Pediatrician & Early Educator Campaign

Pediatrician and Early Educators play an early role with dyslexia.

Throughout 2019-2020, DDPA continues to lay the foundation for many key advocacy and educational campaigns.  Two such campaigns were developed by our amazing Action Coordinators from the Education Committee focusing on informing Pediatricians and Early Childhood Educators (ECE’s) about dyslexia, the importance of early screening, and really laying the groundwork to build a reciprocal relationship with both in Pennsylvania.

Spreading awareness about the vital role Pediatricians and Early Educators is paramount in early identification of literacy skill deficits (e.g, dyslexia, dysgraphia, and dyscalculia).  Pediatricians and Early educators are in a unique position because they see children before formal reading instruction occurs and throughout the period when rapid growth is expected.     

By sharing several key pieces of information that can support children and their families as they approach the elementary school years will help ensure our youth have a strong literacy base by administering such things as early dyslexia screeners.  

Below are documents created by Decoding Dyslexia PA members that parents and caregivers can share with their Pediatrician and Early Educators.  Feel free to download and share.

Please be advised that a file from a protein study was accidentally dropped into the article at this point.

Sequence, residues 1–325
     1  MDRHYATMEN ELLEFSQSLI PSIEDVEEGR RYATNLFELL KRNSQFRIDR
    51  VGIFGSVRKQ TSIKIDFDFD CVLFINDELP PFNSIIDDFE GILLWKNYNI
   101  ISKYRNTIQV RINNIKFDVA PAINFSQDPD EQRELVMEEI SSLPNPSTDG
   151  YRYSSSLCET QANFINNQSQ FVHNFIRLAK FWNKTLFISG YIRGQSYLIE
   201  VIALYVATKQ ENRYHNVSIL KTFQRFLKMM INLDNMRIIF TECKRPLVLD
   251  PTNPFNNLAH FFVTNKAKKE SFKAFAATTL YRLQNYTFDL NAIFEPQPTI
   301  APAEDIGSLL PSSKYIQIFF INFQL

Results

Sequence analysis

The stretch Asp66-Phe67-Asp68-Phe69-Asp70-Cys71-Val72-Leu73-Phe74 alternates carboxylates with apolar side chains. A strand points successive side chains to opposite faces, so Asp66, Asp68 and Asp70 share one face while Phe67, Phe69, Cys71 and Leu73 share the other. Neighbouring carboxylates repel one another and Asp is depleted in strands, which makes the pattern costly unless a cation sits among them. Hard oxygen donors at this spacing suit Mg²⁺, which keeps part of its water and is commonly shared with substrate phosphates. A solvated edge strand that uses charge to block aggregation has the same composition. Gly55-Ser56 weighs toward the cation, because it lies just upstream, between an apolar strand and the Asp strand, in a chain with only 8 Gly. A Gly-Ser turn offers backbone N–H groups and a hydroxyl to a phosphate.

Letter to My Pediatrician
Reintroducing Dyslexia: Early Identification and Implications for Pediatric Practice (posted with permission)
Letter for Early Childhood Educator
DD Health Care Screening Packet

The Vortex of Dyslexia 

“For dyslexic children, what begins as an educational problem can quickly descend into an emotional problem. School reading or writing assignments may serve as triggers for intensely negative emotions of fear, stress, and anxiety, which in turn lead to memory and attention disruptions, which lead to physiological manifestations of that unease—and in some cases, catastrophic thoughts. By considering these cascading effects, we can understand why depression and, sadly, suicide rates for dyslexic children are higher than for the general population.”  Read more here from Lexercise:

The Vortex of Dyslexia by Lexercise